Hybrid Vehicles

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Hybrid Automobiles have both a gasoline engine and an electric motor. That makes them more complex to repair but more environmentally friendly than traditional forms of automobile transportation.

Plug-In Hybrids and the UC Davis HEV Center

UC Davis' PHEV Center ([WWW]Plug-In Hybrid & Electric Vehicle Research Center) is working on the next generation of plug-in hybrid electric vehicles ([WWW]PHEV a.k.a. REEV or EREV) which can be plugged into an electrical wall outlet and charged, for instance, when you sleep at night. A bunch of plug-in vehicles have been built at the HEV Center. Plug-In technology is the ideal solution for both energy crisis and environmental problems, at least for now, while a hydrogen fuel cell vehicle costs about a million dollars. The potential in savings for operating costs is considerable. With gasoline at $3 per gallon (Sept. 2005), the power generated by contemporary hybrid-car engines works out to about 52 cents per kilowatt-hour, while the ability to tap into residential electricity costs only 11 cents per kilowatt-hour.

UC Davis' HEV Center is participating in the [WWW]ChallengeX competition. In this challenge, sponsored by the US Department of Energy & General Motors, seventeen university teams have been challenged to re-engineer a GM Equinox, a crossover sport utility vehicle, to minimize energy consumption, emissions, and greenhouse gases while maintaining or exceeding the vehicle's utility and performance.

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Discussion

My husband and I got our our red 2004 Prius last summer. We waited for nearly 6 months. We love her a lot, although our gas mileage isn't as good as we'd hoped. Her name is Harmony. ~JanelleAlvstadMattson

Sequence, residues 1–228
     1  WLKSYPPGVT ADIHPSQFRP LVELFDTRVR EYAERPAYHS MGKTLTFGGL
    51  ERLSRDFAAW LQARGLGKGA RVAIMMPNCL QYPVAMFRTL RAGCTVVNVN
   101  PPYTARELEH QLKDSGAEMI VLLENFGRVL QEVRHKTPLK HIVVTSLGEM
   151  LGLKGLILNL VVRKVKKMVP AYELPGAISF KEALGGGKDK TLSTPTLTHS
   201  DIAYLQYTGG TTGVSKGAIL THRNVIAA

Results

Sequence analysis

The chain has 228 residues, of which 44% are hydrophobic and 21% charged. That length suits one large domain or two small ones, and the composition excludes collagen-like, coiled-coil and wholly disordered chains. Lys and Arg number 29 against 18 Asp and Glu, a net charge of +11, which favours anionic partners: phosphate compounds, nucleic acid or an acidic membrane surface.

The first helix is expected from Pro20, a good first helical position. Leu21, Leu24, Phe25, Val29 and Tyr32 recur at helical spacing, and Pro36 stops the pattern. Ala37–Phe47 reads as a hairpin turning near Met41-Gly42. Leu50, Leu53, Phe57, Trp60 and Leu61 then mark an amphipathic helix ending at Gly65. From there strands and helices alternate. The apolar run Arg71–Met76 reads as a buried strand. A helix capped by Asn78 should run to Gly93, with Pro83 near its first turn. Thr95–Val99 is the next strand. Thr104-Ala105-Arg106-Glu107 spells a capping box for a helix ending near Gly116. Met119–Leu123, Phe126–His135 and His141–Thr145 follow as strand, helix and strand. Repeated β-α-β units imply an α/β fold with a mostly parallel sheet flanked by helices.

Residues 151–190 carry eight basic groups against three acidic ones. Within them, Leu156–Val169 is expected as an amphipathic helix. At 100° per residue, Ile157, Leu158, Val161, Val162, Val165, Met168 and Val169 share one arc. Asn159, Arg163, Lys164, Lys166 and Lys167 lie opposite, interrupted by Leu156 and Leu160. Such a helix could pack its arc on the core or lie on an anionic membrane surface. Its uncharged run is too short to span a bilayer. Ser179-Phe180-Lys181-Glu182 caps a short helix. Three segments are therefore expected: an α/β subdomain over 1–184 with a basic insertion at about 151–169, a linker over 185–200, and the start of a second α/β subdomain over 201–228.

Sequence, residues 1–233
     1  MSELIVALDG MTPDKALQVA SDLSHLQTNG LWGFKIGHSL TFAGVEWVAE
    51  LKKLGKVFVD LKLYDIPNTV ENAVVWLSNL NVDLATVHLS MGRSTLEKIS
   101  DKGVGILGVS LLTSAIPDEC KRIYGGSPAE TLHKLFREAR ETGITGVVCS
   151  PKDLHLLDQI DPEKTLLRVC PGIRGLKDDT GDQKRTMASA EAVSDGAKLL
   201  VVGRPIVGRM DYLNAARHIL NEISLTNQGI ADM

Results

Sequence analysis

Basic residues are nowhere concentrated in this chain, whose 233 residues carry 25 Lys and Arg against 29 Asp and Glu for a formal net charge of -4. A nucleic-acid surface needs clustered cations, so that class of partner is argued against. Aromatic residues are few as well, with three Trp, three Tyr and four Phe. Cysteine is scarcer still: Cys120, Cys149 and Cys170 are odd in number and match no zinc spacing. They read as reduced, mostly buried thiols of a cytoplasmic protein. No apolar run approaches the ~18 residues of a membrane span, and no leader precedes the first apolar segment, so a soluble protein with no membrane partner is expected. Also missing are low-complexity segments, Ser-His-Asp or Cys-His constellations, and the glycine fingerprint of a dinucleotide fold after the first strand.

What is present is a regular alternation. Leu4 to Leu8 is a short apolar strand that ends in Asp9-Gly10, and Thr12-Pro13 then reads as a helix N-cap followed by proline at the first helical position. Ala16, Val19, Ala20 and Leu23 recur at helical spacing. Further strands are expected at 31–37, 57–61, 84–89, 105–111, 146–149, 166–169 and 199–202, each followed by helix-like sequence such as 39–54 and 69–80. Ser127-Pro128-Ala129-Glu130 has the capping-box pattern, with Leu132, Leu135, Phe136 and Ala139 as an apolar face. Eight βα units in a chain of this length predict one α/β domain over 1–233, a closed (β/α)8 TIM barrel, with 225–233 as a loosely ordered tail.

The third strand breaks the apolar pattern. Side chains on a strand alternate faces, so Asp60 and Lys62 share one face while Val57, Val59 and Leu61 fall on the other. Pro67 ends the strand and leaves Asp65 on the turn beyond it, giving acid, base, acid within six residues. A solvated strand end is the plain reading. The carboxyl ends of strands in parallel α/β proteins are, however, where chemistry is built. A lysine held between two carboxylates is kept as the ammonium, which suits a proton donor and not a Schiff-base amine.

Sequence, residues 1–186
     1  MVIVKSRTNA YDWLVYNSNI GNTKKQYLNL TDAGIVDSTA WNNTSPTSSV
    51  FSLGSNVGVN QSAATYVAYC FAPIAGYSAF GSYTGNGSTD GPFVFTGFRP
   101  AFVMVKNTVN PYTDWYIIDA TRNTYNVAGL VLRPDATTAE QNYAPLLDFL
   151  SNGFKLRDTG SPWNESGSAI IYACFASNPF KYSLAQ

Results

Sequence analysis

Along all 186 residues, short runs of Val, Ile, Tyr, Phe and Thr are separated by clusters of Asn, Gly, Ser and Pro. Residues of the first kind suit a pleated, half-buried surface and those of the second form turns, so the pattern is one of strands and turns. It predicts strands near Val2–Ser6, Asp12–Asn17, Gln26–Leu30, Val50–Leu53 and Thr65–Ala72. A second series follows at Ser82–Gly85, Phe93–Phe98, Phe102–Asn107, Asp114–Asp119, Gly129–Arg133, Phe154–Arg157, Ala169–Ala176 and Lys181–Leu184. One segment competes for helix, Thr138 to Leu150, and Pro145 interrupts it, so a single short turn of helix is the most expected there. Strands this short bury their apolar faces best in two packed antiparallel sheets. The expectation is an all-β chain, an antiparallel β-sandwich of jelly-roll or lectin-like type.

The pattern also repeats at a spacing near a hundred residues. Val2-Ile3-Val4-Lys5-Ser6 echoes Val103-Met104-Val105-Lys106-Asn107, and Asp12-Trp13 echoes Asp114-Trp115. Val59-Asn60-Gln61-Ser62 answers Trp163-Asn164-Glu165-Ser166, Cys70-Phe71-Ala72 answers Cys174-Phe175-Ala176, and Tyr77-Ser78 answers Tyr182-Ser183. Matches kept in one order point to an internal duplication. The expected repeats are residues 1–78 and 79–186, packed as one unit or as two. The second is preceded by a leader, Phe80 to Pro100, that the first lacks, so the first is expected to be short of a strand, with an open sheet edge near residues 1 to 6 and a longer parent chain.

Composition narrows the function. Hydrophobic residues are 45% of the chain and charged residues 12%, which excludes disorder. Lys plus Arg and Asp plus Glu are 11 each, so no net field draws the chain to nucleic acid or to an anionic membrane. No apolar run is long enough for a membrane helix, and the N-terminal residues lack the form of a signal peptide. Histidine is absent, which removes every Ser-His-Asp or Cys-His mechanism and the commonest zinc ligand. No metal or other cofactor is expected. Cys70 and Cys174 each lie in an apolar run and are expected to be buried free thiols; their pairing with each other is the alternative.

Although not a hybrid, my 98 TDI Jetta (with my username on the plate!) gets around the same mileage as the hybrids coming out. If VW/AUDI come out with a TDI-based Hybrid, the mileage would likely be close to 70 or 80 MPG. For the Record, I currently get 45-50 MPG for highway and 40-45 for city mileage. —TarZxf


Plug-in hybrids make me wonder. Where does the juice coming out of the outlet come from? If it's a nuclear/wind plant, great - but if it's a fossil-fuel plant, what's the point? —DomenicSantangelo


I know this little tid bit wont make me popular, but here goes. I would STRONGLY recommended staying away from electric and hybrid vehicles. The hybrid battery is highly unsafe and contains worse gases than that of a large truck from the early 1970's. Also smogs are only done at a max of 45MPH, being that the faster you go in a hybrid, the less electric it is and more gas power it has. At wide open throttle in a prius, it is running richer, which means more CO2 and more NOx. Not to mention the process of making these batteries is horrendous. I know that fact gets tossed around a lot, but its very true. The area where they make these batteries is now so barren that NASA uses it to test their vehicles. Not to mention the numerous safety hazards in hybrids.

Here is a breakdown of electrical sources in the US:

Petro: 40%
Coal: 26%
Natural Gas: 20%
Nuclear Energy: 8%
Renewable Energy: 6% :'(

I would also caution against electric cars because they punish those around you. It will cause electric bills for everyone to rise due to supply and demand. Right now those of us on bikes laugh at gas prices. But electric will effect us now. My advice is to go Diesel. It has endless potential, or you can spend money and have your car's air fuel ratio tuned out properly. I did and it was well worth the money. Also, after I had my vehicle tuned it passed emissions with flying colors. So please do some research on what you're buying into, I would hate to see us going in just another circle.

Thanks :D —Dozer

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